An abortion is when a pregnancy is ended early, without the natural birth of the child and before it is ready to survive outside of the uterus.
A developing human usually takes about thirty-nine weeks to grow and be born. Normally, this occurs about forty weeks after the mother's last menstrual period. This developing human is called an embryo for the first eight weeks of the pregnancy, and fetus for the rest of the pregnancy. Abortion causes the embryo or fetus to die.
When an abortion occurs naturally, it is often called a miscarriage. Humans can also choose to end the pregnancy before birth takes place. This is called an induced abortion. Often, the term abortion often refers only to an induced abortion.
In both types of abortion, the embryo or fetus usually comes out of the womb. This is called a complete abortion. In some cases, the embryo or fetus remains inside the womb. This is called a missed abortion. Surgery is needed to remove the embryo or fetus from the womb so the woman does not get an infection.
Different countries have different laws regarding induced abortion. While abortion is illegal in many countries, there are often exceptions that permit it in cases such as family incest, rape, the fetus having severe disabilities or the mother's health being at risk.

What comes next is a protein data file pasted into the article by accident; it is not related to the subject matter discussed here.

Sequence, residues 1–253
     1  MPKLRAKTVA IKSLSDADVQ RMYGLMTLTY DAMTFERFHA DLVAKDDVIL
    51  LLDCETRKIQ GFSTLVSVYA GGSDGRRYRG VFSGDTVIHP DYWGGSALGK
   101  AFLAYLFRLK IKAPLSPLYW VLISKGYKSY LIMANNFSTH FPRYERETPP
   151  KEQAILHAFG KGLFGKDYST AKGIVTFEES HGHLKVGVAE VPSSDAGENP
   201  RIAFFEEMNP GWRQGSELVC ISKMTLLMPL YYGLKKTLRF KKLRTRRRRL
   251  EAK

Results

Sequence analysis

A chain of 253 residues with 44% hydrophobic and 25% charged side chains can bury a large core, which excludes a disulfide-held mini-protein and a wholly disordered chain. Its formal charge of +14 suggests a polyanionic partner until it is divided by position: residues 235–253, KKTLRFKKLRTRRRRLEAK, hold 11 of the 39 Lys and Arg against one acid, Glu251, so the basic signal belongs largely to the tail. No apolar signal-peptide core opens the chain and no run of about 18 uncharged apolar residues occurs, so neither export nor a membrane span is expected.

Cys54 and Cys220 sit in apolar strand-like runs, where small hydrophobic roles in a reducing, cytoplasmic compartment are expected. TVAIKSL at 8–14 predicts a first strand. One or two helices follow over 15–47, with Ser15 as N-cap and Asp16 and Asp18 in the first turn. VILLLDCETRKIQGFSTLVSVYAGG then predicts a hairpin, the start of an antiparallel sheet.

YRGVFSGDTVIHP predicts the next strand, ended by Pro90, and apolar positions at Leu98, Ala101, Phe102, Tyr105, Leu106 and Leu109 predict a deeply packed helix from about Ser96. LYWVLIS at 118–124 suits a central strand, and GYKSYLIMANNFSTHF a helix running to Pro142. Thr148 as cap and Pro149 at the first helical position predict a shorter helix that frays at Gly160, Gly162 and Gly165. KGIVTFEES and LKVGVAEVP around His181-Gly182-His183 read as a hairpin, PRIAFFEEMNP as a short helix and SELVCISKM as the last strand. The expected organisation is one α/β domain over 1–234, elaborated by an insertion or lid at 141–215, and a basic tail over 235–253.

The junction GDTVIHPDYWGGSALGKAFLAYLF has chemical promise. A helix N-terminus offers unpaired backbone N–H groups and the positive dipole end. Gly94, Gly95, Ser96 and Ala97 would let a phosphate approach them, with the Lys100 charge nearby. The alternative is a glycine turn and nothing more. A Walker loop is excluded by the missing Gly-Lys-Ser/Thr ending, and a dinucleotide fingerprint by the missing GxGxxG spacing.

People speak of spontaneous abortion or miscarriage when the embryo or fetus is lost due to natural causes before the 20th week of pregnancy. A pregnancy that ends this way, but that is between 20 and 37 weeks old is known as "premature birth" if the baby is born alive. If the fetus dies in the womb after 20 weeks, or while it is born, this is known as "stillbirth". Premature births and stillbirths are generally not considered to be miscarriages.
How common they areEdit
Spontaneous abortions (miscarriages) are common. About fifteen percent of pregnancies end in spontaneous abortion. In many cases, the woman is not even aware she was pregnant. The pregnancy is only a few days or weeks old and the woman believes the miscarriage is just her menses. About twenty-five percent of all women will have a spontaneous abortion during their lives.
Most miscarriages occur very early. Between ten and fifty percent of pregnancies end with a miscarriage, where the mother or the doctors are aware of it. These figures depend on the age and health of the pregnant woman. Most spontaneous abortions occur so early in the pregnancy that the woman is not even aware that she was pregnant. One particular study showed that 61.9% of pregnancies end in miscarriage before 12 weeks. In 91.7% of these miscarriages, the woman did not know she was pregnant.
The risk of spontaneous abortion decreases sharply after the 10th week of pregnancy, with a loss rate between 8.5 weeks LMP and birth of about two percent; pregnancy loss is “virtually complete by the end of the embryonic period."
Some people are more likely to have a spontaneous abortionEdit